This morning, I had the honor of performing a wedding ceremony for a lovely couple, Ed and Keiko, who I came to know recently because of my connection with the Storrier Stearns Japanese Garden in Pasadena. They were planning their wedding in the garden and I had mentioned to the staff at the garden that I am ordained with the Universal Life Church and like to officiate at weddings, so they introduced us. Ed is an architectural surveyor and an artist who loves working with stone. Keiko is a chemist, who studied at CalTech and now runs a chemistry lab at Occidental College. I have been in touch with them both via email, over the phone and in person a few times over the last few weeks, and even though we have only just got to know each other, I felt very close to them this morning as they gathered with their family and friends to exchange their vows. Drafting a wedding ceremony is an extremely intimate experience, since during this process, a couple have to share their feelings for each other and their hopes for their life together with someone they hardly know, and trust that this person will not only choose the right words to express their feelings, show up on time for the ceremony (ours didn’t!) and perform elegantly on the day. I always feel deeply honored to be trusted with such an important task.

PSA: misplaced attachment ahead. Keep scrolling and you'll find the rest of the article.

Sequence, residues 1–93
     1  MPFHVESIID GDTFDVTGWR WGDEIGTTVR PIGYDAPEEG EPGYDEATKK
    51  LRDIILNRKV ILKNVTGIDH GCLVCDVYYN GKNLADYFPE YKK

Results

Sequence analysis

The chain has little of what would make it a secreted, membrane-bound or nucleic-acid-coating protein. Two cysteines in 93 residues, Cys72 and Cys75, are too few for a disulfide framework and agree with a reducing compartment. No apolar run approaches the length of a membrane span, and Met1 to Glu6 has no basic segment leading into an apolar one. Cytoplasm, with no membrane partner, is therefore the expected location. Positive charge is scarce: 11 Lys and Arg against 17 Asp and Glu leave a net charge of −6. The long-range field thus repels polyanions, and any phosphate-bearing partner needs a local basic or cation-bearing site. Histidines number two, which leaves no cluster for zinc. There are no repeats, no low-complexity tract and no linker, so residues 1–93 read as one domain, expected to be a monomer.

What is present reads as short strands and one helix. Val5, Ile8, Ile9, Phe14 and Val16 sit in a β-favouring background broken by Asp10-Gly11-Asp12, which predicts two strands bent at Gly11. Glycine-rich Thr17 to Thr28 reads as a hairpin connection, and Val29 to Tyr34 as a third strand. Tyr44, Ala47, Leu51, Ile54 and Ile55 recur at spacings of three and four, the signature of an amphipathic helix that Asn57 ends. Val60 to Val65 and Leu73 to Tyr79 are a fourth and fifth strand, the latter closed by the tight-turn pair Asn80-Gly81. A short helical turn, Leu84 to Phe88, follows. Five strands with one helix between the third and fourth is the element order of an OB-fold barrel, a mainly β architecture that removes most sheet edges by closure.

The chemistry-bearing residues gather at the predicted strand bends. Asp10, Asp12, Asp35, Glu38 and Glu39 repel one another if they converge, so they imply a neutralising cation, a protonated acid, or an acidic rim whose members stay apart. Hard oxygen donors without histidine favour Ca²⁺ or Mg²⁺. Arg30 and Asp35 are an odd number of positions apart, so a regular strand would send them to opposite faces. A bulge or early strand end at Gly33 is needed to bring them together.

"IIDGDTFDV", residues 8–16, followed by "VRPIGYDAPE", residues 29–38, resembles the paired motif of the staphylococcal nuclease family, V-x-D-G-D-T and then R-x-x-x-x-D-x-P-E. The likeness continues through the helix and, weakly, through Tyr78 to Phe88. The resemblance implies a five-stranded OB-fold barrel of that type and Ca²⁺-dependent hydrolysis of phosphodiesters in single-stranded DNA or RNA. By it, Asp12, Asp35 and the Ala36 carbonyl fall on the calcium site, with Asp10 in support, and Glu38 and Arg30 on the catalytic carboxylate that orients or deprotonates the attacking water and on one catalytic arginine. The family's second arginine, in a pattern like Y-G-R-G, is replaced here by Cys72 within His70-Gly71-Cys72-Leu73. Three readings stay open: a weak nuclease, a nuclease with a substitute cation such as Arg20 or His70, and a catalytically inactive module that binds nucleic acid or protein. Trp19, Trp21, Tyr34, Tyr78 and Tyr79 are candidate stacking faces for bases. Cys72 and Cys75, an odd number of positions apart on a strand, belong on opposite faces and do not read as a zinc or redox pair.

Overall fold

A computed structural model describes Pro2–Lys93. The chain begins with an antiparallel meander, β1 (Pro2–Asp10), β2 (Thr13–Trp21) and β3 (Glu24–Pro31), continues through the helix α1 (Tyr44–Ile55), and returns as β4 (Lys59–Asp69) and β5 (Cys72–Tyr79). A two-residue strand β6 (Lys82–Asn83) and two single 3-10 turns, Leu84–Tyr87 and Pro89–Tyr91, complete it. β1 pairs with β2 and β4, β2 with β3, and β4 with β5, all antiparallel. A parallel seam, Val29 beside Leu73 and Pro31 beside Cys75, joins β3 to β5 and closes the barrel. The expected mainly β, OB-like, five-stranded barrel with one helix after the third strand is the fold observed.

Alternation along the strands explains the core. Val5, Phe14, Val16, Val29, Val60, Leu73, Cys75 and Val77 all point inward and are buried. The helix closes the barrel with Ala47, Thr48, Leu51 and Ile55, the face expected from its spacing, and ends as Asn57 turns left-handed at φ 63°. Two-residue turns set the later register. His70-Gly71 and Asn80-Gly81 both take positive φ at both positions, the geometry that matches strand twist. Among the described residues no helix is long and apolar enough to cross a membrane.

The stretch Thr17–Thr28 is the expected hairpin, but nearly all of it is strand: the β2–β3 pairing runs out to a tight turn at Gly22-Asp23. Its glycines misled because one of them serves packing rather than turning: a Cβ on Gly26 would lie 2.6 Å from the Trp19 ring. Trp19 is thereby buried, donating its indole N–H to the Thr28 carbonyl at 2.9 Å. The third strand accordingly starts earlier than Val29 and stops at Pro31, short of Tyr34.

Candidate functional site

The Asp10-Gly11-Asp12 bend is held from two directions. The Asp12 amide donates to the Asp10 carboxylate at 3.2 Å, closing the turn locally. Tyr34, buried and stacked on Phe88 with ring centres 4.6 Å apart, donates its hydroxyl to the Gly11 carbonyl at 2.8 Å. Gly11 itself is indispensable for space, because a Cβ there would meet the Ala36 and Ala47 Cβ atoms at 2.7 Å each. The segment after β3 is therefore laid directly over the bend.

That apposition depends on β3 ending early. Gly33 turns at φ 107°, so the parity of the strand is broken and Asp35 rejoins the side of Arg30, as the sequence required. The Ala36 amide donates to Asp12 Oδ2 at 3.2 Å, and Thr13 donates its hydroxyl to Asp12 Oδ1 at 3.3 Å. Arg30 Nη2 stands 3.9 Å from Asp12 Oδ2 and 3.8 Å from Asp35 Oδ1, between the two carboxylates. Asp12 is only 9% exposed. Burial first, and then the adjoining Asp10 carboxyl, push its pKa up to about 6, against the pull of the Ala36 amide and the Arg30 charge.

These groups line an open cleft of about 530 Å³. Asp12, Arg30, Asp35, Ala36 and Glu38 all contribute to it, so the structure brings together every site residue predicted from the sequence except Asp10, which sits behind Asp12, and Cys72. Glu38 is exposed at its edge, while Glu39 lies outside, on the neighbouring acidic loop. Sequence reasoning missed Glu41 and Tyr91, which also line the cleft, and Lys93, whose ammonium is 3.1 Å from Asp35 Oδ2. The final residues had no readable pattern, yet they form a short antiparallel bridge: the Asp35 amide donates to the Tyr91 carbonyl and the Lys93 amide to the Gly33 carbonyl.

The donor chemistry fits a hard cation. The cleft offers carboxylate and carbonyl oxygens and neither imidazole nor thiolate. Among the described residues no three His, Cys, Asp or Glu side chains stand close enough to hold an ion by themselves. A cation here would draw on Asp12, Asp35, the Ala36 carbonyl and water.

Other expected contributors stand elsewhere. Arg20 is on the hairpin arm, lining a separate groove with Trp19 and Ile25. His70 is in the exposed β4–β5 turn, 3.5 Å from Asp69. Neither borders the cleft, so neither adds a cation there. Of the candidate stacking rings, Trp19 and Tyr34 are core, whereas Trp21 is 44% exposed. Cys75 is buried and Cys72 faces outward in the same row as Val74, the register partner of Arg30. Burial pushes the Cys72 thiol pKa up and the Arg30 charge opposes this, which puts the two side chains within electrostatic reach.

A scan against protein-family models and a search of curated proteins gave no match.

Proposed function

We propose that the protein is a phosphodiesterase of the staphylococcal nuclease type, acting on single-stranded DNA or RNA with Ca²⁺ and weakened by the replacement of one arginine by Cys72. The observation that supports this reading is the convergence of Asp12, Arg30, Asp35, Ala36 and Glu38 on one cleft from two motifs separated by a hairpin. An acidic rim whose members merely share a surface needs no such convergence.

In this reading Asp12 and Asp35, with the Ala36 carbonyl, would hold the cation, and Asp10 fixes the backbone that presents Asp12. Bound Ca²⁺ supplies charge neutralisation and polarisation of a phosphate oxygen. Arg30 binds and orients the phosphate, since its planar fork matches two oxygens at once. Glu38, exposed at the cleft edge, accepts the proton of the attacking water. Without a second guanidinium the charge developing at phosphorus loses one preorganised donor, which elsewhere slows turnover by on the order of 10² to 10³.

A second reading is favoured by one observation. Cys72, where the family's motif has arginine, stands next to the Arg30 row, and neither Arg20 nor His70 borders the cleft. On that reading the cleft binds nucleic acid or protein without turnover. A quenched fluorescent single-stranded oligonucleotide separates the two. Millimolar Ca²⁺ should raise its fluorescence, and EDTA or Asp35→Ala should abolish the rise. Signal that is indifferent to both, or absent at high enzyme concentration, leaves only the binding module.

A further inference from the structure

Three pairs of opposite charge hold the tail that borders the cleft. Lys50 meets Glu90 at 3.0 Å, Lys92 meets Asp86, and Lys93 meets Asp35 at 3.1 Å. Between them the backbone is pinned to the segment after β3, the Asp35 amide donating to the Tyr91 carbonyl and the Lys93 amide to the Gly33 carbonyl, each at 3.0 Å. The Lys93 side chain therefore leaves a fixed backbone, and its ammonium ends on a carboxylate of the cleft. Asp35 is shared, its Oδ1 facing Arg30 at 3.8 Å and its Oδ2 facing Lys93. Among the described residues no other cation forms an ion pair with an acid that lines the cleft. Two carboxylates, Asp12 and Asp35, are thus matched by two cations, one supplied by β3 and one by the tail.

Ed, who apparently told his mother he would never get married, was a charming groom, dapper in a light gray suit, filling the garden with his humor and warmth, while Keiko was stunningly beautiful in her traditional white Japanese wedding kimono, which can’t have been comfortable but she wore it with grace. The step down into the garden from the tea house where they had been having their photographs taken was precarious for Keiko in her elaborate kimono and Japanese zori sandals, but Ed was there to steady her, and Keiko trusted him to guide her feet. This struck me as a strong start to their life together. After the ceremony was over, it was time for me to leave. I wanted to give them something of mine that would symbolize the ceremony in a garden. I had a small river rock with the Chinese character for Peace carved into it. It seemed to fit the occasion – the garden setting, Ed’s love of rocks and Keiko’s Japanese background. The rock was undoubtedly carved in California, where they are starting their married life, which I hope is brings them the warmest, most enjoyable kind of peace together